For me, juxtaposing those two things is all you have to do. You dont even have to read the book or understand the whole story to understand that our priorities as a society have gone way off track if thats what we decide to do."
Heuer describes the experience of migrating with the caribou as life changing, and although they were only among the caribou for five months, he says it felt like years or a lifetime.
"It was just like there was a different measure of time that happened out there
. We were just swimming in existence."
Before they set off on their trip, Heuer and Allison had a conversation with a Gwitchin elder from Old Crow, Yukon a community that still has a traditional culture thats closely tied to the caribou. The elder told the couple some legends and myths one of which was about how Gwitchin in the past could speak to caribou and caribou could speak to people.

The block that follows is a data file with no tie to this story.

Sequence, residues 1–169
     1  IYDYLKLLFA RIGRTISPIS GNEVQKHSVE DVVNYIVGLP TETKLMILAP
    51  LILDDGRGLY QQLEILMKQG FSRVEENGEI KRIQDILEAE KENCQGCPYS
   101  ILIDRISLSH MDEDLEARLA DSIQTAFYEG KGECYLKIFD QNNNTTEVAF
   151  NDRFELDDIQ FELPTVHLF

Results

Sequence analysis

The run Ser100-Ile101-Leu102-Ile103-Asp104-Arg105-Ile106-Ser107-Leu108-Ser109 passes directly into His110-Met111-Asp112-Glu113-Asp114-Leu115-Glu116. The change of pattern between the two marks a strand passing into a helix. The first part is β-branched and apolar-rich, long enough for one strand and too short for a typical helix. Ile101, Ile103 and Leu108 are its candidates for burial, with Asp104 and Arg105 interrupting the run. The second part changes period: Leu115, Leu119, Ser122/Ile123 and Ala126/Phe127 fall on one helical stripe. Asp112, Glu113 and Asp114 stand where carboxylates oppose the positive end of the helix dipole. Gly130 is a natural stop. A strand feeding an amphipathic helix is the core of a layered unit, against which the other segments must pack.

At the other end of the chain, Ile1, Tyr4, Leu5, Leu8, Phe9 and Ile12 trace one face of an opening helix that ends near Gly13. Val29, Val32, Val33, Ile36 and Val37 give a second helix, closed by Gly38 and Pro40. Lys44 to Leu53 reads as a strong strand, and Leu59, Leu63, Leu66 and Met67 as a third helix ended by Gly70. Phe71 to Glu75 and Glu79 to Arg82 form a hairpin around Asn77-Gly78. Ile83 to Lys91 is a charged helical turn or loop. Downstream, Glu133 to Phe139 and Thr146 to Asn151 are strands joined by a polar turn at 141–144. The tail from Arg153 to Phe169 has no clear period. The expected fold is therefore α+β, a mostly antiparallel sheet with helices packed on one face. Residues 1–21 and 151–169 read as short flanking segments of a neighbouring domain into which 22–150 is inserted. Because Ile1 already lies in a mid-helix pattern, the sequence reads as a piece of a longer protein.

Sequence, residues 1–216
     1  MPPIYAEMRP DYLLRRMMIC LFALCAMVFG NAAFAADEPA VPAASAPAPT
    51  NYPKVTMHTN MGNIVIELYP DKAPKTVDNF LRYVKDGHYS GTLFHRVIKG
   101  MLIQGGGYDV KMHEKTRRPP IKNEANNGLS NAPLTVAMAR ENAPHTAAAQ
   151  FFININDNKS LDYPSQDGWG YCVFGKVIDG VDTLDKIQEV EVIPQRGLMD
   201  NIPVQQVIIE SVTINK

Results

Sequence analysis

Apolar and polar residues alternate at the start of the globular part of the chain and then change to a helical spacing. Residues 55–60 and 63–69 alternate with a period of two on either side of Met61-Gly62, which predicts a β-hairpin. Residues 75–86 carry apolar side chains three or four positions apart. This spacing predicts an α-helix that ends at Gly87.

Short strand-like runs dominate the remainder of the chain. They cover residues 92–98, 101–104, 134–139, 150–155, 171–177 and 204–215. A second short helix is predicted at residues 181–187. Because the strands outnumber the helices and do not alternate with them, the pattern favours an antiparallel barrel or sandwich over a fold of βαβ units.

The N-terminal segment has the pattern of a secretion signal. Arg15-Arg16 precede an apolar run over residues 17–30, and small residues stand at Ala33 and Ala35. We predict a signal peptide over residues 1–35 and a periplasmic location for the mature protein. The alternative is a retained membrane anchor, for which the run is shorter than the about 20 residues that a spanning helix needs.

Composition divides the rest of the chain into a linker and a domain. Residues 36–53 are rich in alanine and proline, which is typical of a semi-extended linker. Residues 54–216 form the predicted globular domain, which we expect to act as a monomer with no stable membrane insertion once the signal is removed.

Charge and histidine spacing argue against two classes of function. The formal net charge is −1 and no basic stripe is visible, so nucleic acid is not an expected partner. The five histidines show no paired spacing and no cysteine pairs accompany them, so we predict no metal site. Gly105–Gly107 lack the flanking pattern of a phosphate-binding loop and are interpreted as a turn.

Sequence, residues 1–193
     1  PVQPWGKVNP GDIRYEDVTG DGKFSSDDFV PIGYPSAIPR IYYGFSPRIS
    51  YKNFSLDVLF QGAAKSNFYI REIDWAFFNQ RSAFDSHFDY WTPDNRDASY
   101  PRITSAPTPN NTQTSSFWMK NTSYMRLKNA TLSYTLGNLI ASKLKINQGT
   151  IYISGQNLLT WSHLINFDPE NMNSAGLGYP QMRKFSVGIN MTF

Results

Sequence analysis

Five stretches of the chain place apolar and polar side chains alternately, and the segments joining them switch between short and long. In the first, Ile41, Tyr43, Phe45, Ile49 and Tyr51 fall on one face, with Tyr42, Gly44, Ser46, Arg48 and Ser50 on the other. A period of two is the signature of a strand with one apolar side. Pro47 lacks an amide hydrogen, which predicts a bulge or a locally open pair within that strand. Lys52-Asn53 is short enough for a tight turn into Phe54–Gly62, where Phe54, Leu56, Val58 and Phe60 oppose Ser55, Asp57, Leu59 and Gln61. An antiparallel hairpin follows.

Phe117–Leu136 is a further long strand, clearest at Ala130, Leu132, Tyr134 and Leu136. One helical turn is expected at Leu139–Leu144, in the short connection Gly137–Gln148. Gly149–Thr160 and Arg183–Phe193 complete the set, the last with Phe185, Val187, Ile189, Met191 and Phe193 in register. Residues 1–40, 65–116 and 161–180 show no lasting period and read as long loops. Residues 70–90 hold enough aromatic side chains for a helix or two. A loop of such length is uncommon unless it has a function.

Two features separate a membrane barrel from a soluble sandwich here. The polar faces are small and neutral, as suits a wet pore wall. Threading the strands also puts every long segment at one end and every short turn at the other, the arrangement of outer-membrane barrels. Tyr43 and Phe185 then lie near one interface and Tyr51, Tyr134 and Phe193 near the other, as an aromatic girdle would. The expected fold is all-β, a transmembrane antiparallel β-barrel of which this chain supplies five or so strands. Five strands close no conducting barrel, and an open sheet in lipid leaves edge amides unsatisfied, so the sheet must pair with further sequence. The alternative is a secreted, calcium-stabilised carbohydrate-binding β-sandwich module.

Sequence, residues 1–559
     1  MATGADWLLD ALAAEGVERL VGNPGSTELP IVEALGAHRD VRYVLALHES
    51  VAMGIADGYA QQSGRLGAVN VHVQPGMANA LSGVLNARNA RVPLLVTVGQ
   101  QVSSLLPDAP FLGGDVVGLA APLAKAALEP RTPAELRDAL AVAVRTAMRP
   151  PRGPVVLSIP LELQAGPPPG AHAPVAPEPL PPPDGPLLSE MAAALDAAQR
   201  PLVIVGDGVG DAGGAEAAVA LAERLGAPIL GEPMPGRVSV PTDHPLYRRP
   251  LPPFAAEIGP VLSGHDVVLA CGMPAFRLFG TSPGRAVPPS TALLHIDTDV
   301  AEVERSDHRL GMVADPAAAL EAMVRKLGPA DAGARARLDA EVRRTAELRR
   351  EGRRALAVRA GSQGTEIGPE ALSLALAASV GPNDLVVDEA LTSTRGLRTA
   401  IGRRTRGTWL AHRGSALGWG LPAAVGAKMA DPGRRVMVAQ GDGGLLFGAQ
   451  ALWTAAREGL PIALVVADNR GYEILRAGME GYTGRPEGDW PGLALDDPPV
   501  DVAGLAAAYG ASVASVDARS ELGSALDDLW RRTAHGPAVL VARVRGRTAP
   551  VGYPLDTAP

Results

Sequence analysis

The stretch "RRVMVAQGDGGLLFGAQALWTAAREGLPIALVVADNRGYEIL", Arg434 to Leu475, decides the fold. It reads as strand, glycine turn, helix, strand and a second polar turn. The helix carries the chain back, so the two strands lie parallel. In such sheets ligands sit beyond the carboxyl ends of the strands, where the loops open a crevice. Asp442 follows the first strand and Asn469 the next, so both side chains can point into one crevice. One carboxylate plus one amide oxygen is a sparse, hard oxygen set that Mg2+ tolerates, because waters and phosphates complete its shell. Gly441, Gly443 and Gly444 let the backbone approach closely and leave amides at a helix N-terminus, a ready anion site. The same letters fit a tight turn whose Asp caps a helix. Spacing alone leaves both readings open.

"The scientist in me thought, Whatever. Thats your native thing and Im this guy from a different kind of world and this is what I believe. Then five months later, Leanne and I emerged from the expedition and this landscape and wed experienced just that
. The caribou talked to us in terms of how we learned how to navigate across that landscape and follow them, by paying attention to our dreams and having various visions of where wed find them next when we lost them."
They also started to hear a sound that Heuer describes in the book as "thrumming," which he believes is the sound caribou use to communicate with each other.
The book isnt just about the necessity of saving the Porcupine caribou, but also about the profound beauty of connecting with nature. He believes something has been lost in a culture where humans now spend most of their time sitting in front of computer screens and stuck in traffic in chaotic cities.
"This book, I think, couldve been called Being Human in a way, too, because I think the caribou guided us back to what it really means to instinctually and intuitively live as a human and to open up all the senses to their full potential," says Heuer. He adds that since returning to civilization, he sometimes feels like hes "living in the shallows of existence."